Sunday, November 18, 2012
Shopping in the USA
Tell me if this doesn't sound familiar. A simple part breaks on (fill in just about any major appliance or fixture) so you pop down to the "big box" we got everything hardware store. After being greeted by the loosing employee of the week (makes you wonder what he/she did to get door duty) who is there not so much to help you but make sure nobody sneaks out the entry without paying, you inquire where the section keeping your hoped for product might be found. No point in asking specifics here this guy couldn't tell you where he left his car keys. Invariably what you're looking for is at the other end of this mega complex and almost always in the rear. After a walk of what might exhaust a marathon walker you come to the general area. Large overhead banners are there to give a general sense of direction and should not be considered accurate. After all they might have moved everything last week and failed to move the banners. I think that's their little employee revenge.
Sauntering down the aisle scanning the widgets and doo dads trying to hone in on the exact needed part you give up and look for assistance. Help is like a cop, never around when you need one but always there when you don't. On your trek back to the general area at least two of the orange vested have asked you if you needed assistance but you thought "hell I can find it myself when I get there" right? Wrong. It almost never fails that if they do have what you were looking for it's only to be seen as a display model neatly bolted to the shelf with an empty rack underneath. Maybe just maybe they have some stashed in the back room you thing half kidding yourself. So it's now time to find the elusive sales clerk. Like gazelles at the sound of a lion they have scattered to who knows where. Did everybody go on break at the same time? Eventually you spot one of the elusive beasts at the other end of the store. (The vision isn't completely gone. Didn't even need binoculars to spot the orange vest). Maybe you'd be lucky and spot another along the way but somehow that's never the case. You make the mad dash to the other end of the store only to spot your prey disappear into the employees only area. You finally make contact at the outside garden section of one offloading heavy bags of manure and you know the routine there. He'll direct you back to the section you were just in. But you just wanted one simple part. Okay then he'll call on the radio for back up. "Know the part or item number? He asks.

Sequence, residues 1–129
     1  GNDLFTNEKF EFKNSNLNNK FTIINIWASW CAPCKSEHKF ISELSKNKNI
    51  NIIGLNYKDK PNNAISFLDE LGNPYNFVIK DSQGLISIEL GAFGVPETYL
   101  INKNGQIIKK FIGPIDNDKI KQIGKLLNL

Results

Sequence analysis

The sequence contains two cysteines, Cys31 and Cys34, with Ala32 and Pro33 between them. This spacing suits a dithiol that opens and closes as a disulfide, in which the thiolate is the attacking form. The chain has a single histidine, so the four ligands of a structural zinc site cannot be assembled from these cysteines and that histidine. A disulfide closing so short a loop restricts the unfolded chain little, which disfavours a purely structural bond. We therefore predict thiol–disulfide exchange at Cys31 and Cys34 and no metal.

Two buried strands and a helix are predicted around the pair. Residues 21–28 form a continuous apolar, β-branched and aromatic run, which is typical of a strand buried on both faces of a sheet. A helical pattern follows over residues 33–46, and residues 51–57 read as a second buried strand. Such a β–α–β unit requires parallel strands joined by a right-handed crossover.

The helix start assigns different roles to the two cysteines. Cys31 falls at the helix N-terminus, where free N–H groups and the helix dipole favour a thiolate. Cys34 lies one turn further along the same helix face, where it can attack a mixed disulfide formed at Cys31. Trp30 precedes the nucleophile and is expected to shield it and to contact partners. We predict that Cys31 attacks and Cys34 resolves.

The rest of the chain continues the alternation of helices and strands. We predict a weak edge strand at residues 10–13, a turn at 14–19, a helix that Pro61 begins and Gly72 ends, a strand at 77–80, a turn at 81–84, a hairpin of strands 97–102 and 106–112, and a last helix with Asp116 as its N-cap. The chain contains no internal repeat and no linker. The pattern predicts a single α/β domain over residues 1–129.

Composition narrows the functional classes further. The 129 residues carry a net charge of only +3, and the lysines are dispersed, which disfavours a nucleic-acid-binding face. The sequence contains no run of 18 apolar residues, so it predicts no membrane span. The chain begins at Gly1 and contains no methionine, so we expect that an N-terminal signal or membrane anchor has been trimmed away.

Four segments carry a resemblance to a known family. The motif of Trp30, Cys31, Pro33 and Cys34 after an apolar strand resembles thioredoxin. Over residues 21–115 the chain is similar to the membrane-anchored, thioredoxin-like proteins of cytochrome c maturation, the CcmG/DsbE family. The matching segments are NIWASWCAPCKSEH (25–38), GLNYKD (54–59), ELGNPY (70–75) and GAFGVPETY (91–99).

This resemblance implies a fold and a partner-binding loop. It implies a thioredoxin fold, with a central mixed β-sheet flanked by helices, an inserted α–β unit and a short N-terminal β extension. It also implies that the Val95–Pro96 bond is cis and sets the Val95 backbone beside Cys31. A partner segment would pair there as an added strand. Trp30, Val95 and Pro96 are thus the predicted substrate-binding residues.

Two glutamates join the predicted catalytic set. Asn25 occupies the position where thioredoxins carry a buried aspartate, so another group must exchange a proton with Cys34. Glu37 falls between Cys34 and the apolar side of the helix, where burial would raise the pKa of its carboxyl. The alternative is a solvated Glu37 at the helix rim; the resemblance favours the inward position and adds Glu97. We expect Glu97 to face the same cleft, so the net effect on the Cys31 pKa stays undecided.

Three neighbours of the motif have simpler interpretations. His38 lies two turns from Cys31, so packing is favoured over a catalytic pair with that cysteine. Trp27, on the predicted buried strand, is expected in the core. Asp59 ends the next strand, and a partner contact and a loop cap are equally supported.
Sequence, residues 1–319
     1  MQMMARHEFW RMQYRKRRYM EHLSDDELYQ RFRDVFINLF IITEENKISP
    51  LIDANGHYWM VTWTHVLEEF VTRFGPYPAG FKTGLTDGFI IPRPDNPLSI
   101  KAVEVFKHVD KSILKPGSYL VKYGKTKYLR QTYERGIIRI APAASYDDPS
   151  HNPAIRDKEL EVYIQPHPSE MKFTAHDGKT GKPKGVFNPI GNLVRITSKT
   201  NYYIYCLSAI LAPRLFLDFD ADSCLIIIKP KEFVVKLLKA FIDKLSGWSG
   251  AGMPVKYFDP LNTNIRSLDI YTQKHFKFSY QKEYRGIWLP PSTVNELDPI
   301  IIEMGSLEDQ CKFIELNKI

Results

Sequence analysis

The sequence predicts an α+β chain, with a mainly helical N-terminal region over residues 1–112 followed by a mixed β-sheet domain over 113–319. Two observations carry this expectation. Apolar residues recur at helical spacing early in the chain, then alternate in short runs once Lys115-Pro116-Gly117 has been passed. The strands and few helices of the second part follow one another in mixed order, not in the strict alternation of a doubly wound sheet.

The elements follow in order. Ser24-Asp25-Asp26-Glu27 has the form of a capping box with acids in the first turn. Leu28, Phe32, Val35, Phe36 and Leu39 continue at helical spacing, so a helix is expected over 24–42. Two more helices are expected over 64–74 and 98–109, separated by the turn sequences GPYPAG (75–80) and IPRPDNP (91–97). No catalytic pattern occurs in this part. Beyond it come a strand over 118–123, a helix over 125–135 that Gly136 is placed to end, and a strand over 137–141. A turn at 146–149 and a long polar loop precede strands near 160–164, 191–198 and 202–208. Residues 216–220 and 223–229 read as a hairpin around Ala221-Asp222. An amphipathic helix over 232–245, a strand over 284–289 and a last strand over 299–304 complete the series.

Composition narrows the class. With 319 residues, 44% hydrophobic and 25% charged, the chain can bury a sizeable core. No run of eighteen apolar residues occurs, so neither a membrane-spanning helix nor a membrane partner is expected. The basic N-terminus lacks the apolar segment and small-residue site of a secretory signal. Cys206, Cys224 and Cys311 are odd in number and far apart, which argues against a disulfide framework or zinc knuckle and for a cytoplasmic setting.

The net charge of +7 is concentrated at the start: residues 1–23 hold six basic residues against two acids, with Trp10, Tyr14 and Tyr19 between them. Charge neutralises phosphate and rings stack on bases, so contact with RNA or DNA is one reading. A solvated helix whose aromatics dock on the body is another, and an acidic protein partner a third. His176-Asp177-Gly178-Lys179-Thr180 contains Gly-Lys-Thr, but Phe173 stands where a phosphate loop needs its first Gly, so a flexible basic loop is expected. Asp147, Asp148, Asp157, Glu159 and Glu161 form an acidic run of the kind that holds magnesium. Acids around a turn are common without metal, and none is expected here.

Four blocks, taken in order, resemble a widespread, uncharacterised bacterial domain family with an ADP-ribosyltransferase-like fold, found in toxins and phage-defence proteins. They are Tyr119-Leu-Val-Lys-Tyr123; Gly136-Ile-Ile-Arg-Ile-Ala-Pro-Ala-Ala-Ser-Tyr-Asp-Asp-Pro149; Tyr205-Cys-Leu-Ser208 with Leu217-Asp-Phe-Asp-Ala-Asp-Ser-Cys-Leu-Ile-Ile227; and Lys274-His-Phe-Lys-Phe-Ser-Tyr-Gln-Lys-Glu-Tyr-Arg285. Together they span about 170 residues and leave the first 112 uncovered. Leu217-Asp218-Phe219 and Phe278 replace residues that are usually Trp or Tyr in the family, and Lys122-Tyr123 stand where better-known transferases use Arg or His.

After a long walk back to where this all began you are fortunate enough to corner a section chief (assistant to an assistant in training) and he'll look in the back for you. Finally some service. You stand there for what seems like a half an hour (probably because he can't find it in the back either because he's going through the same process you just did) and the end result is either they just ran out or you can order it and it will be in Wednesday. You can come back then. There is in rare cases where you're lucky enough to get the very last of an item which is always made in China by workers who could care less if something works or not. They were just happy to make their quota and have a roof over their head. Then there's the stores policy of satisfaction always unless it cuts into their profits. Return it in what is it now 7 days for a refund or replacement? Funny how such things manage to make it about a week before the cheaply made item fails. After which you can still get a refund or replacement by writing the manufacturer, sending the faulty item back with a complete explanation of your dissatisfaction, plus shipping and handling charges. Sheesh I've had lesser punishments from a high school detention. Oh and I failed to mention that these items always come two three or six to a package.
How I miss the days when a hardware store was not much bigger than a living room, Clyde knew where every nut and bolt in the store was, things didn't break down as often and when they did it didn't take two weeks to fix them. Most everything back then was made of metal and it didn't take an engineering degree to repair.
Okay and while you're at it get off my lawn!